Meta just released an AI music generator that was trained on 20,000 hours of licensed music

Photo credit: Andrea De Santis

MBW’s Stat Of The Week is a series in which we highlight a data point that deserves the attention of the global music industry. Stat Of the Week is supported by Cinq Music Group, a technology-driven record label, distribution, and rights management company.

Researchers at Facebook parent company Meta have developed an AI text-to-music generator called MusicGen.

The language model, described by Meta’s Fundamental AI Research (FAIR) team as “a simple and controllable model for music generation”, can take text prompts like, for example, ‘up-beat acoustic folk’ or “Pop dance track with catchy melodies” and turn them into new 12-second music clips.

The model, released as open source over the weekend, can also use melodic prompts to generate new music. You can see a demo here.

Meta says that it used 20,000 hours of licensed music to train MusicGen, which included 10,000 “high-quality” licensed music tracks, and as reported by TechCrunch, 390,000 instrument-only tracks from ShutterStock and Pond5.

Meta’s entrance into the world of text-to-music AI marks a significant moment in this fast-moving space, with the company becoming the latest tech giant, after Google, to develop its own language model that can generate new music from text prompts.

Google unveiled MusicLM, an ‘experimental AI’ tool that can generate high-fidelity music from text prompts and humming, in January, and made it publicly available last month.

Google explains that at the public-use level, its MusicLM tool works by typing in a prompt like “soulful jazz for a dinner party”.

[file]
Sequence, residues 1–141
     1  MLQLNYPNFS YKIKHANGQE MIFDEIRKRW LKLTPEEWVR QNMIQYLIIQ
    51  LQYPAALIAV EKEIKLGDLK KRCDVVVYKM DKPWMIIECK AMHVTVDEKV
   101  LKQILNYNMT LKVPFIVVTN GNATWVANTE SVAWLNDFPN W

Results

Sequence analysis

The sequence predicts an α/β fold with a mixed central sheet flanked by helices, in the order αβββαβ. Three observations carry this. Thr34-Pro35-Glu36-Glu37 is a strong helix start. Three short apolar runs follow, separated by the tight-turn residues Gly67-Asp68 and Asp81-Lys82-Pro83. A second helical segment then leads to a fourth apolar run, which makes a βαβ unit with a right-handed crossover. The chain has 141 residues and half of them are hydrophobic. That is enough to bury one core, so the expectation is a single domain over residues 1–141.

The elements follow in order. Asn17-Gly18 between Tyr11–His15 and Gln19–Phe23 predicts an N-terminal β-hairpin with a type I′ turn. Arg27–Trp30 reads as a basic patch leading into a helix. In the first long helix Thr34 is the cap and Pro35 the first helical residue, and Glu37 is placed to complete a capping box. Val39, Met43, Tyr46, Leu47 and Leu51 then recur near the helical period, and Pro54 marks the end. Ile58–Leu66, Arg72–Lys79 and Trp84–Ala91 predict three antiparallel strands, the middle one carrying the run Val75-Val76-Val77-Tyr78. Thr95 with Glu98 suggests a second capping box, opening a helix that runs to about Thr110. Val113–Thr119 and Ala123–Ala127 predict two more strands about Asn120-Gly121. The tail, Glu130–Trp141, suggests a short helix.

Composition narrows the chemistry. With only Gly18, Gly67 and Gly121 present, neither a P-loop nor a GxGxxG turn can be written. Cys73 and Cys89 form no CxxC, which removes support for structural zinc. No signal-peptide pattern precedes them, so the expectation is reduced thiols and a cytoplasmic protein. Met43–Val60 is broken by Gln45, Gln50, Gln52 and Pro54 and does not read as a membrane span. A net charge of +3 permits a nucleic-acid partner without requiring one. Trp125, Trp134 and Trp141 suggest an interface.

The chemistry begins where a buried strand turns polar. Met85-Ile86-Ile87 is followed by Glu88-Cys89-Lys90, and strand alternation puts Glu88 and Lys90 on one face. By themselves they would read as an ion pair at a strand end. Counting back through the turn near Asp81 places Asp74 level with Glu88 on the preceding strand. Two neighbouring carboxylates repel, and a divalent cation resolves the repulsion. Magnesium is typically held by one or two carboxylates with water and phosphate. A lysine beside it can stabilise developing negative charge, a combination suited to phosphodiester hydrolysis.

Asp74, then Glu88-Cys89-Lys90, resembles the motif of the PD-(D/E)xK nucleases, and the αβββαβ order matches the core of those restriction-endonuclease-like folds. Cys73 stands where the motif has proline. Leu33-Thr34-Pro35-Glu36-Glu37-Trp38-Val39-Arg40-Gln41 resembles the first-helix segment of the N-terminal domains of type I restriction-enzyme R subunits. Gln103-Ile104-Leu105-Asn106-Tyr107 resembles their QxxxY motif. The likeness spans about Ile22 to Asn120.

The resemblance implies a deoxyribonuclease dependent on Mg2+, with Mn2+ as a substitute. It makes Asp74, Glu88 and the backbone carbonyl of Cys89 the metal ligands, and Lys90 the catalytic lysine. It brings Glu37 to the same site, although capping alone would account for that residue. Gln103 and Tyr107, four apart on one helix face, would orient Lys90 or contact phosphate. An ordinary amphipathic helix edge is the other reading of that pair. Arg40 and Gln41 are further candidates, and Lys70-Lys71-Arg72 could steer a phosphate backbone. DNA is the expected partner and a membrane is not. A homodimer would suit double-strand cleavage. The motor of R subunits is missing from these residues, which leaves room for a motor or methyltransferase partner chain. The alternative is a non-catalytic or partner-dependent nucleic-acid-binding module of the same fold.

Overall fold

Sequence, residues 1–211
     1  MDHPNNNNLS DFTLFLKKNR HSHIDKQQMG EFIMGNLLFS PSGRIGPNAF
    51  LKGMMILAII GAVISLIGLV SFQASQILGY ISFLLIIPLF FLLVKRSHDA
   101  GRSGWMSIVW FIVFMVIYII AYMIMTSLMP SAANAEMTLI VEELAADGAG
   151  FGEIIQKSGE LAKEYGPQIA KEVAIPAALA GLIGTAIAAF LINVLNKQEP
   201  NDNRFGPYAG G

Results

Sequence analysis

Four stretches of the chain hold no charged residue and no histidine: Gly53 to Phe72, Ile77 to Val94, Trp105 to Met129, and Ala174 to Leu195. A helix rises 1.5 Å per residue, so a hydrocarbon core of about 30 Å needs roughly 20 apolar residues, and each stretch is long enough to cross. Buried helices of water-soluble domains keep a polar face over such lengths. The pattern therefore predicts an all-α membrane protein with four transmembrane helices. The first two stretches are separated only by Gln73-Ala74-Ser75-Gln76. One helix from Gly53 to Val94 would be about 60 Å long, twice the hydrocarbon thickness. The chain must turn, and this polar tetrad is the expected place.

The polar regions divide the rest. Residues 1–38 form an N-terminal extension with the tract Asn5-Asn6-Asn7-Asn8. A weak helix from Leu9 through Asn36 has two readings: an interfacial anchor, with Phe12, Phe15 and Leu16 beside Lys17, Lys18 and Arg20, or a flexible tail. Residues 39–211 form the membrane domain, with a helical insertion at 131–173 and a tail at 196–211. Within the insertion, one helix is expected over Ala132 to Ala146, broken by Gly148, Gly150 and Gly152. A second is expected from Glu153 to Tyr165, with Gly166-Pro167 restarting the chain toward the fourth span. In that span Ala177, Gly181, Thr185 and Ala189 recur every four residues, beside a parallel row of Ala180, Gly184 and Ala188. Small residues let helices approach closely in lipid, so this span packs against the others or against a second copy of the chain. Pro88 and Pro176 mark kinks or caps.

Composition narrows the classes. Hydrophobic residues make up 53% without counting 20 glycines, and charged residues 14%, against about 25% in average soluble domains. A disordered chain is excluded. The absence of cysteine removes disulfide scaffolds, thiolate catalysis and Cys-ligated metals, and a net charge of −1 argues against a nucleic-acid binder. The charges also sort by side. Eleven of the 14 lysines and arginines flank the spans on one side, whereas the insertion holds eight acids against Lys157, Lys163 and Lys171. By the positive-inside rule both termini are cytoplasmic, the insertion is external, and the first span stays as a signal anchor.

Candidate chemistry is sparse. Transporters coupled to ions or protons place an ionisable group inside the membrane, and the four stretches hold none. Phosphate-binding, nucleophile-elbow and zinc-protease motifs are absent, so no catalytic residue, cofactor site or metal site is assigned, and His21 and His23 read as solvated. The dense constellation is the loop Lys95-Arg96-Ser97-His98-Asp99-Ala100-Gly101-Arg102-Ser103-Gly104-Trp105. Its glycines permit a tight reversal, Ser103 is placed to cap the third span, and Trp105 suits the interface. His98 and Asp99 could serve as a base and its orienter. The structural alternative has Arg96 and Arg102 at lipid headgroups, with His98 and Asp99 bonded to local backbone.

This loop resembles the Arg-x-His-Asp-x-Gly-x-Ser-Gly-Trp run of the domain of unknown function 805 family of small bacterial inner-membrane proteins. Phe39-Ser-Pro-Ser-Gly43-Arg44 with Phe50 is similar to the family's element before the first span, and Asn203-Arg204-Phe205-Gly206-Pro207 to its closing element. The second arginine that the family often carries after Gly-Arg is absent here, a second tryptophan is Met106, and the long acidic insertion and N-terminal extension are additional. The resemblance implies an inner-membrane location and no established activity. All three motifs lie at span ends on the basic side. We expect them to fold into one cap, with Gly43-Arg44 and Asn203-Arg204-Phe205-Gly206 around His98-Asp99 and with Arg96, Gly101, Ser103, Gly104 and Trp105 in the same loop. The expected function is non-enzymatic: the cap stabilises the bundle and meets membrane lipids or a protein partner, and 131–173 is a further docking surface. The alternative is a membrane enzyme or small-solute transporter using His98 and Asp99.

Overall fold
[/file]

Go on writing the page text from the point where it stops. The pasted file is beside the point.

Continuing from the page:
The MusicLM model will then create two versions of the requested song for the person inputting the prompt. You can then vote on which one you prefer, which Google says will “help improve the AI model”. Google’s model was trained on five million audio clips, amounting to 280,000 hours of music at 24 kHz.

The Decoder reports that, “compared to other music models such as Riffusion, Mousai, MusicLM, and Noise2Music, MusicGen performs better on both objective and subjective metrics that test how well the music matches the lyrics and how plausible the composition is”.

You can see the comparisons between music generated by the different models here.

According to Facebook Research Scientist Gabriel Synnaeve, who announced the release of the research via LinkedIn over the weekend, Meta has released “code (MIT) and pretrained models (CC-BY non-commercial) publicly for open research, reproducibility, and for the broader music community to investigate this technology”.

Meta’s researchers have also published a paper outlining the work that went into training the model. Within the paper, they outline ethical challenges around the development of generative AI models.

According to the paper, the research team “first ensured that all the data we trained on was covered by legal agreements with the right holders, in particular through an agreement with ShutterStock”.

“Generative models can represent an unfair competition for artists, which is an open problem.”

Musicgen White paper

The paper added: “A second aspect is the potential lack of diversity in the dataset we used, which contains a larger proportion of western-style music.

“However, we believe the simplification we operate in this work, e.g., using a single stage language model and a reduced number of auto-regressive steps, can help broaden the applications to new datasets.”

Another challenge highlighted by the paper is that “Generative models can represent an unfair competition for artists, which is an open problem”.

The paper added: “Open research can ensure that all actors have equal access to these models. Through the development of more advanced controls, such as the melody conditioning we introduced, we hope that such models can become useful both to music amateurs and professionals.”

News of Meta’s AI music research arrives at a time of growing disquiet around the use of generative AI in the music business, due to issues around copyright infringement and the vast daily supply of content to DSPs.

In April, AI-generated music productions that mimic the vocals of superstar artists dominated headlines after a song called heart on my sleeve, featuring AI-generated vocals copying the voices of Drake and The Weeknd, went viral.